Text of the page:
Call for ‘robust action’ to increase BME nurse director numbers
Lack of information about the number of black and minority ethnic (BME) nurses in position in senior manager or executive positions in the NHS means talent is being lost, say healthcare leaders.
Much more needs to be done to ensure a greater number of talented black and minority ethnic (BME) nurses take on executive positions within the NHS, says the RCN.
The college spoke out more than a year after a major report highlighted BME under-representation at leadership level.
Neither NHS England nor NHS Improvement could provide Nursing Standard with statistics detailing the exact number of BME nurses in director roles when requested.
But figures given to Nursing Standard by NHS Digital show that all staff in NHS trusts and clinical commissioning groups with a job title director of nursing:
- 241 self-reported as white
- 2 said they were mixed race
- 2 said they were Asian or Asian British
- 2 were black or black British
- 12 declined to answer
- 2 were 'unknown'
‘Not nearly enough’
Roger Kline, who steps down as director of the NHS workforce race equality standard (WRES) engagement and research at the end of August, said there were ‘not nearly enough’ BME nurse directors in post and unlikely to be more than a handful.
Mr Kline said the lack of knowledge was an ongoing issue, given that 2016 WRES research was unable to ascertain these numbers due to unreliable data provided by trusts.
He said: ‘There isn't a single consistent breakdown of the ethnicity of nurse directors, but the numbers are tiny.
‘There has been a bit of an effort to provide a pipeline, but there is no magic fix that will suddenly create lots of BME nurse directors.’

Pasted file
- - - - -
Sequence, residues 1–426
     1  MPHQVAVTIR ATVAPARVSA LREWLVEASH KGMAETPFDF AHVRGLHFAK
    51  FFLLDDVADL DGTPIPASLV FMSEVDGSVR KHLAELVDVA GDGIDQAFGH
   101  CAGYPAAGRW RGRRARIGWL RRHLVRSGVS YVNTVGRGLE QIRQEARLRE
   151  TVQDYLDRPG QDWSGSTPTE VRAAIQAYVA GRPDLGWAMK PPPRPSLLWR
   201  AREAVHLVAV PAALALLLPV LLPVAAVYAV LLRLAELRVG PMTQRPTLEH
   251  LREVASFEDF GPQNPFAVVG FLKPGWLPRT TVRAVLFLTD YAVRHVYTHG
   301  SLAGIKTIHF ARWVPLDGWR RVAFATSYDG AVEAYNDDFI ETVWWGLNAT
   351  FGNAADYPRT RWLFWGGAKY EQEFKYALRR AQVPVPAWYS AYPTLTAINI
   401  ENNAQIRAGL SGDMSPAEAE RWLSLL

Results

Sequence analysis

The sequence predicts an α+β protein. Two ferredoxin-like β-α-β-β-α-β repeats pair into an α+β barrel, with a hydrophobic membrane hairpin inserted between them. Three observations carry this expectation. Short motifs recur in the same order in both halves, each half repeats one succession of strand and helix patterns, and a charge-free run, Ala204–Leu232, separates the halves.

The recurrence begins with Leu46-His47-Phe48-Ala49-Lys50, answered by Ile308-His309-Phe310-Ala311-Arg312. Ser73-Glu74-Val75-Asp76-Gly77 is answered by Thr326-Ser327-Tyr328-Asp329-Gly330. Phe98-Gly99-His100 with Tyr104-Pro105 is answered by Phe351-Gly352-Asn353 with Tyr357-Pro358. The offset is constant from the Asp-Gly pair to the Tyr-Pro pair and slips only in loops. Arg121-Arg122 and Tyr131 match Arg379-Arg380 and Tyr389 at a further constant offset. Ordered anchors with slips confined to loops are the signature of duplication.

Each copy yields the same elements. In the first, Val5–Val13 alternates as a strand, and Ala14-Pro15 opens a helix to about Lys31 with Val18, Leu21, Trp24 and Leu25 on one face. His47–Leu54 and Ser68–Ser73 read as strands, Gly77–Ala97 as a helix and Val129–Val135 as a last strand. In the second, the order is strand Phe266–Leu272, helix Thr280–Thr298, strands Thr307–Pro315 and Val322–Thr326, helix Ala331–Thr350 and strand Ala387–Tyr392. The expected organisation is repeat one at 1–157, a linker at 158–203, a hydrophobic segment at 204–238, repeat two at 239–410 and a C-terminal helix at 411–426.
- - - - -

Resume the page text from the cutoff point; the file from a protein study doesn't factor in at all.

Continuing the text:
He said diverse leadership was more open to being self-critical than a mono-cultural one.
‘If 25% of band 5 nurses are BME, but only 3% are band 8 c, d or e – then that kind of gradient suggests there might be talent being lost on the way.’
He said it was critical to have organisational leadership representative of the workforce it leads and the population it serves.
‘Equality of opportunity’
‘Without this, junior nurses with ambition and talent coming through an organisation will suffer from a lack of role modelling,’ he added.
‘More importantly, there is a fair bit of research showing that representativeness among those leading services is likely to lead to better provision of services to the local community.
RCN head of nursing Wendy Preston said: ‘All nurses should be able to enjoy real equality of opportunity and not have their careers hampered and disadvantaged by discrimination.
‘Robust action is needed if we are to see more BME nurses in organisational leadership roles.
Inclusion a priority
‘It is important that recruitment and selection processes are fairer for everybody and we ensure equality and inclusion is a clear priority in healthcare systems.’
NHS Improvement executive director of nursing Ruth May said there was ‘a long way to go’ to see progress, but that her organisation was supporting trusts to improve and share good practice.
Dr May said: ‘By working with our aspiring nurse leaders we hope to influence the message that nurses with BME backgrounds should be getting the opportunities they need to progress their careers and feel supported in the environment in which they work.
Committed to improvement
‘We have a long way to go but by keeping this conversation going, and being committed to giving everyone a voice, we will see improvement.
‘The NHS has committed to improving race equality in the workforce and it is only right that NHS Improvement continues to support trusts, who are already working hard, to learn where they can improve and share good practice.’
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